A New Path to Inclusion: Build Resilience
This month, my theme is A New Path to Inclusion. Last week, I gave a few suggestions for skills that will be helpful as we build truly inclusive workplaces. This week, I want to focus on one of those skills: Building resilience.
Whether real or imagined, threats exist. Whether real or imagined, our bodies react to them in the same way. The same neurons trigger in our brains, and the same chemicals flood our bodies. We can’t live indefinitely in a state of stress without doing great harm to ourselves, our loved ones, and our co-workers. So what’s the solution?
Why resilience? Well, according to HeartMath, an organization out of Northern California that has studied resilience for well over 25 years, “resilience is the capacity to prepare for, recover from, and adapt in the face of stress, challenge or adversity.” What’s unique about this definition is the “prepare for” part. We can practice techniques in advance of stressful times so that we are more at ease when stressors arise.
Imagine that you have an internal battery, and resilience is the amount of energy you have stored in that battery. When your battery is fully charged, you can more easily flow through any challenges you encounter. When your battery is depleted, you will have a more difficult time responding well in tough situations.
When we learn how to manage our resilience levels, we don’t waste unnecessary energy on stressful situations. Instead, we can effectively plug any leaks in our internal battery and build and maintain the energy we need to be more effective in our day-to-day activities.
Building resilience can help us reduce anxiety, improve communication, and boost our performance at work, leading to better business decisions and outcomes. Improved resilience also helps us to maintain our composure in challenging situations and self-regulate our emotions, an important part of emotional intelligence.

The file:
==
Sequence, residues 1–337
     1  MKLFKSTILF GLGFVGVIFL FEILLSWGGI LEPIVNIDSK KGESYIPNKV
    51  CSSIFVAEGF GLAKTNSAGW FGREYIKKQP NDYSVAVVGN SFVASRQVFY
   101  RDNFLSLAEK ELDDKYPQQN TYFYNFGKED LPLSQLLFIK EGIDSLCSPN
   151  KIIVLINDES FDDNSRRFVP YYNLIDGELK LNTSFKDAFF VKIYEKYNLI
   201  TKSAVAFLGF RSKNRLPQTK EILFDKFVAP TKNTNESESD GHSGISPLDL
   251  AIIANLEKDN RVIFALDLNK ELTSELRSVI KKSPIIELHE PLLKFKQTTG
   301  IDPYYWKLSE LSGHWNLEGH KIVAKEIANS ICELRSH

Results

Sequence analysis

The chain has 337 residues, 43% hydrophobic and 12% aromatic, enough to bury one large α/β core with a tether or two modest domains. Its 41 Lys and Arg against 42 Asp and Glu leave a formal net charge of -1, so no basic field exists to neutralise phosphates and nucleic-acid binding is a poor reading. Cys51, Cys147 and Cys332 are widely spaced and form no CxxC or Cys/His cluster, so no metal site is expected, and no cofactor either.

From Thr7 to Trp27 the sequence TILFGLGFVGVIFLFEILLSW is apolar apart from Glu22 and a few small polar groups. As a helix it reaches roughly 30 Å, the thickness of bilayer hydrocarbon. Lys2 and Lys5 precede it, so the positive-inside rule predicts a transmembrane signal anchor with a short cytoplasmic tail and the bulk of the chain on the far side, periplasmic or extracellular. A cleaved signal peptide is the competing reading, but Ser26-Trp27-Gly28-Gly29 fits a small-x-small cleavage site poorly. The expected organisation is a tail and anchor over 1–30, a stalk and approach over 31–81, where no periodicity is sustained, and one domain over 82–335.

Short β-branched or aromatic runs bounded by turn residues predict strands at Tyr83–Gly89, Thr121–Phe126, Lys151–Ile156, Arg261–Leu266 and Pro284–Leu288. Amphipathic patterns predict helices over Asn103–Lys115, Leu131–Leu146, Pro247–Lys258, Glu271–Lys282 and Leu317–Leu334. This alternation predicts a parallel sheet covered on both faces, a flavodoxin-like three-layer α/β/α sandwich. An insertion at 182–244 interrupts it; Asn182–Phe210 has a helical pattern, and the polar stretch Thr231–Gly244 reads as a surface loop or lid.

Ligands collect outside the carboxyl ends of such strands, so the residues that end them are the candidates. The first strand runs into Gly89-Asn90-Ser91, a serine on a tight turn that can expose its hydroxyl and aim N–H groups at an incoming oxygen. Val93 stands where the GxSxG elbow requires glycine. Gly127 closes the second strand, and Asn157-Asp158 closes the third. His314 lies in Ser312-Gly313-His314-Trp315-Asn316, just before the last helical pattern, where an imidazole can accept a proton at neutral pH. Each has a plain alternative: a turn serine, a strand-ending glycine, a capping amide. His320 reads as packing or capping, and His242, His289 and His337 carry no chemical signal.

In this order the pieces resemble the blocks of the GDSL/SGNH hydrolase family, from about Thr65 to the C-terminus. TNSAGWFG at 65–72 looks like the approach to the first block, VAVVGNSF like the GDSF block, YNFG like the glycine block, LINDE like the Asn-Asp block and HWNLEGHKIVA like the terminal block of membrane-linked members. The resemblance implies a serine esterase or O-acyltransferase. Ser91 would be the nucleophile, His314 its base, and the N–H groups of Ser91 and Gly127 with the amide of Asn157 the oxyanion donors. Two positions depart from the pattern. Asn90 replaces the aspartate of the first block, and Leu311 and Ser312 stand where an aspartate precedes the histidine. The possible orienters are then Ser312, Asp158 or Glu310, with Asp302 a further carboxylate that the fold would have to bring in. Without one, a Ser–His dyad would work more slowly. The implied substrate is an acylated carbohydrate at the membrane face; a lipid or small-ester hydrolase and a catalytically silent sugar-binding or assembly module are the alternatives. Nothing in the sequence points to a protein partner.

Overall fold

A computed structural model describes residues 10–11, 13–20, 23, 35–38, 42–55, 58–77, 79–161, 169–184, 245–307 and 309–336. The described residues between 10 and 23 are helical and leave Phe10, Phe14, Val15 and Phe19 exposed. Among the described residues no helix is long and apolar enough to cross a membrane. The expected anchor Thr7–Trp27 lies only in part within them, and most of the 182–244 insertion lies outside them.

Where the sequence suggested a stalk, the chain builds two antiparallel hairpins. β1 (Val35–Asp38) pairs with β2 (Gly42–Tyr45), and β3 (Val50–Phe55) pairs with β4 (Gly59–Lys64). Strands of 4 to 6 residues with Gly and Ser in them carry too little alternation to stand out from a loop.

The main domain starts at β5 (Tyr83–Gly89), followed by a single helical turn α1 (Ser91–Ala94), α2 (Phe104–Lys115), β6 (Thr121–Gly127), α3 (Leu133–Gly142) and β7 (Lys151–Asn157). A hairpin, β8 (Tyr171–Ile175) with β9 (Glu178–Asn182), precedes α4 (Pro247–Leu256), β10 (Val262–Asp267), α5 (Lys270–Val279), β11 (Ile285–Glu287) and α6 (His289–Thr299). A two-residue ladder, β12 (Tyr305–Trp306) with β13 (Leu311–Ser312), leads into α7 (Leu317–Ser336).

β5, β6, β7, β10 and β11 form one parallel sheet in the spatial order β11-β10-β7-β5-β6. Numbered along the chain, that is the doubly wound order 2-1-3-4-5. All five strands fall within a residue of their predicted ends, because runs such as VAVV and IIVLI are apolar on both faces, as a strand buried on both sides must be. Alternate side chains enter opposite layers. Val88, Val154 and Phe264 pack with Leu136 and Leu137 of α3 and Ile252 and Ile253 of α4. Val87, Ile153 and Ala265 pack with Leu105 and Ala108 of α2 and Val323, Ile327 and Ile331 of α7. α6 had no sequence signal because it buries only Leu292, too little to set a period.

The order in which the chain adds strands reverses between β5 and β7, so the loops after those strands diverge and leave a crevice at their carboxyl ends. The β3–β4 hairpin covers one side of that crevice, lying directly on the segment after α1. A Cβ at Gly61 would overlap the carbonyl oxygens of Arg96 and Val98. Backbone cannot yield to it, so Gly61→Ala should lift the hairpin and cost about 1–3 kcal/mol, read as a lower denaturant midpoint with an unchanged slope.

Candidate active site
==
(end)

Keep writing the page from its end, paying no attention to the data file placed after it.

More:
Best of all, resilience is a skill we can all learn. Try this simple 3-step process to get started:
1) Notice your feelings. In any situation, it’s not the event, but our feeling about the event that releases the flood of chemicals into our bodies that either help or harm us. Building resilience requires the ability to connect to more positive emotions – in turn, generating positive effects in our bodies. If you’re experiencing a negative situation, step away, and choose something that makes you feel good to regenerate.
2) Let go. This may be hard to hear, but when we talk about and replay events over and over again in our heads, we are making a choice to not be resilient. And, when we’re not resilient, our brain has moved out of alignment with our heart. The good news is, we can choose to get back into alignment. But before we do that, we have to choose to let go.
Think about where you might have to let go of something that is keeping you disconnected from your heart. Choose to release past events, because you can’t change them. If it’s an expectation you need to release, create new expectations. Finally, if a person has wronged you, learn to forgive.
3) Focus on your heart…. and breathe! When we're feeling good about something, our heart and our head are connected. This connection helps our brain to process information more clearly. Think about a time you were “in the zone.” Your body and your mind and your emotions all worked together. You could think clearly, and time seemed to move very quickly. When we’re resilient, we can move to, and stay in, the zone more easily.
Join me on social media to discuss your thoughts about how resilience can help us to build a new path to inclusion.
©2020 daiOne, LLC/Susan McCuistion